Aminopropionitrile

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Aminopropionitrile
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Names
IUPAC name
3-Aminopropanenitrile[1]
Other names
2-Cyanoethylamine[citation needed]
Identifiers
3D model (JSmol)
3DMet {{{value}}}
Beilstein Reference 1698848
ChEBI
ChemSpider
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Gmelin Reference 600476
KEGG
MeSH Aminopropionitrile
RTECS number UG0350000
UNII
Properties
C3H6N2
Molar mass 70.10 g·mol−1
Appearance Colourless liquid
Boiling point
Related compounds
Except where otherwise noted, data are given for materials in their standard state (at 25 °C [77 °F], 100 kPa).
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Editor-In-Chief: C. Michael Gibson, M.S., M.D. [1]


Overview

Aminopropionitrile, also known as β-aminopropionitrile (BAPN), is an organic compound with both amine and nitrile functional groups. It is an antirheumatic agent in veterinary medicine. It can cause osteolathyrism, neurolathyrism, and/or angiolathyrism.[2]

Aminopropionitrile is prepared by the reaction of ammonia with acrylonitrile.[3]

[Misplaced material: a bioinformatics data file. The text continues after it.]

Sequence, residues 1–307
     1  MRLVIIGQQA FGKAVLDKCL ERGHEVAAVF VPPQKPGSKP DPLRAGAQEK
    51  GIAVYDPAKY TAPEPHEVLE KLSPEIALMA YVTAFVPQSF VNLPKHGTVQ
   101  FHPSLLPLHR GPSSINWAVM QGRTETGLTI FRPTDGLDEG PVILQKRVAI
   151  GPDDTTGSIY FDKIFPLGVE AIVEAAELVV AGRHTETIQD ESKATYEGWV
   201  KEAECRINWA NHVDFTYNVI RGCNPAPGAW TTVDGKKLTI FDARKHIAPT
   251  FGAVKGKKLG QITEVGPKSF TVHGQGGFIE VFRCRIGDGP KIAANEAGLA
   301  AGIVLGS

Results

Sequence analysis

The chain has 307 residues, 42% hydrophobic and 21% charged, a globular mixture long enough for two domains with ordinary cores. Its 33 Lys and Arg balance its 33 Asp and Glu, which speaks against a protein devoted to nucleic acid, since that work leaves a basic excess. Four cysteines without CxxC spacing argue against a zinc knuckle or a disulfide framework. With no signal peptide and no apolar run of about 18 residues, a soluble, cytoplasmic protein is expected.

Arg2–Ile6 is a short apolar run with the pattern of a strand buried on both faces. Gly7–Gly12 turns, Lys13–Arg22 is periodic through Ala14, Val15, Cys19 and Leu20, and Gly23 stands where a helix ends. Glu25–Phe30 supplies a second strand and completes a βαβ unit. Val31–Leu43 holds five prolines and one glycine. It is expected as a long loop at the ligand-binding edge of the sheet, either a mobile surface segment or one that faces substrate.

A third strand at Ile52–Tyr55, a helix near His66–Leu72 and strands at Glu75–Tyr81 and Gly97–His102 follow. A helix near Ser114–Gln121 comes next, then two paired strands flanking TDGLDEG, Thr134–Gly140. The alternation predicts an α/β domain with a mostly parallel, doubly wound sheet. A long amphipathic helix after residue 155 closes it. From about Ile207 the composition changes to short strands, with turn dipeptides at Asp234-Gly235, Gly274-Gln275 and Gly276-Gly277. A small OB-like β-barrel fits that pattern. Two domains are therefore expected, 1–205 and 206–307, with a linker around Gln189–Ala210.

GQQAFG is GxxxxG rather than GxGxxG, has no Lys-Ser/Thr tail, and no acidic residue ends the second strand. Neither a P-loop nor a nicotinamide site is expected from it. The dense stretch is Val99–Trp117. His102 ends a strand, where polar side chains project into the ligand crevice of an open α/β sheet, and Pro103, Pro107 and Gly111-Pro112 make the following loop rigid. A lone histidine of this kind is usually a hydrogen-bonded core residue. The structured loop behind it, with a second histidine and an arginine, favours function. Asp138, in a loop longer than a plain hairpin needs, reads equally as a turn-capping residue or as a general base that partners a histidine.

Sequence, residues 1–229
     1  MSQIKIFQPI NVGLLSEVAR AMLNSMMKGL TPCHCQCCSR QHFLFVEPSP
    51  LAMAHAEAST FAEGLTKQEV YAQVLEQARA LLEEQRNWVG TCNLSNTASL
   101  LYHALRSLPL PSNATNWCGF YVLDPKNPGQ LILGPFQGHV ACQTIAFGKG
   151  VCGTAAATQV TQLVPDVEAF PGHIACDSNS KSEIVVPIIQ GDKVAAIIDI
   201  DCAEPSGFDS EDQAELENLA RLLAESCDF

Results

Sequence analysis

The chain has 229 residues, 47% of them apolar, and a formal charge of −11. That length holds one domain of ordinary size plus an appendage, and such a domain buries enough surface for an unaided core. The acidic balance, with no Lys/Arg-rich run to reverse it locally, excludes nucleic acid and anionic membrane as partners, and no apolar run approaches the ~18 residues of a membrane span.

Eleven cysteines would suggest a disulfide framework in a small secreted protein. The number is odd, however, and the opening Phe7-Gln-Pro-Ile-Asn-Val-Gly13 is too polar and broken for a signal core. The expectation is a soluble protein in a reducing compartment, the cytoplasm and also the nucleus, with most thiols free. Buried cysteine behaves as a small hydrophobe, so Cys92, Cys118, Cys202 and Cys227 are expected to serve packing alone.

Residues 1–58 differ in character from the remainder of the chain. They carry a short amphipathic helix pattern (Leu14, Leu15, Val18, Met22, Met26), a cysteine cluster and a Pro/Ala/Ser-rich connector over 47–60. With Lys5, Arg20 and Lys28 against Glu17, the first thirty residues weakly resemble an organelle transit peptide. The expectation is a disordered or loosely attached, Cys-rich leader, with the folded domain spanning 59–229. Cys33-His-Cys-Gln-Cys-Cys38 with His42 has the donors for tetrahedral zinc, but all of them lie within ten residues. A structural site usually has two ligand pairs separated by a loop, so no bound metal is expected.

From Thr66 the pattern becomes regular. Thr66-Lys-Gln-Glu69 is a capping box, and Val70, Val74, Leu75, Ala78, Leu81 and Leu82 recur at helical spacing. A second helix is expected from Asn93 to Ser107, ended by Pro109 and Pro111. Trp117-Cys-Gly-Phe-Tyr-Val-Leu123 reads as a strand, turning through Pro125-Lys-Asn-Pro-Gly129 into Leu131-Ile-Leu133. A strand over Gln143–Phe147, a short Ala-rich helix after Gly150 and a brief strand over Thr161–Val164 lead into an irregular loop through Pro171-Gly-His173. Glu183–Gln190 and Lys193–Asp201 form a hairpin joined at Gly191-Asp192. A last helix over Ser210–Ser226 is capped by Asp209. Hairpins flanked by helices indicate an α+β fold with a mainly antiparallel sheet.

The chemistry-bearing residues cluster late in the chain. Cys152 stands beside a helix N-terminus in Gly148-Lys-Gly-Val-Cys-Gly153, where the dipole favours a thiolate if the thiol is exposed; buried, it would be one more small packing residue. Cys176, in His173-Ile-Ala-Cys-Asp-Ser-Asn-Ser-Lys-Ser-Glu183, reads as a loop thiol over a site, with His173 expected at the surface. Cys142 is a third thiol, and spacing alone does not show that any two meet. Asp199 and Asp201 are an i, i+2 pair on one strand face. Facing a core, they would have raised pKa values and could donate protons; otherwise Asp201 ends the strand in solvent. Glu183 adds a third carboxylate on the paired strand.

BAPN is a component of lathyrus odoratus.[4]

See also

References

  1. "Aminopropionitrile - Compound Summary". PubChem Compound. USA: National Center for Biotechnology Information. 25 March 2005. Retrieved 7 June 2012.
  2. Nikolaos Papadantonakis, Shinobu Matsuura, and Katya Ravid. "Megakaryocyte pathology and bone marrow fibrosis: the lysyl oxidase connection". Blood. 120 (9): 1774–1781. doi:10.1182/blood-2012-02-402594. BAPN is a lathyrogen, the toxic constituent of peas from Lathyrus plants. Lathyrism, a disease known for centuries, encompasses 2 distinct entities: a disorder of the nervous system (neurolathyrism) leading to limb paralysis, and a disorder of connective tissue, causing either bone deformity (osteolathyrism) or aortic aneurisms (angiolathyrim). BAPN causes osteolathyrism and angiolathyrism when ingested in large quantities.
  3. Karsten Eller, Erhard Henkes, Roland Rossbacher, Hartmut Höke "Amines, Aliphatic" in Ullmann's Encyclopedia of Industrial Chemistry, Wiley-VCH, Weinheim, 2005. doi:10.1002/14356007.a02_001
  4. "Lathyrus". Washington, DC: American Association for Clinical Chemistry. 2014. Retrieved 15 October 2014. Beta-amino-propionitrile (BAPN) found in lathyrus odoratus (our more common garden sweet pea plant) is thought to be responsible for osteolathyrism, which in humans is quite poorly documented.

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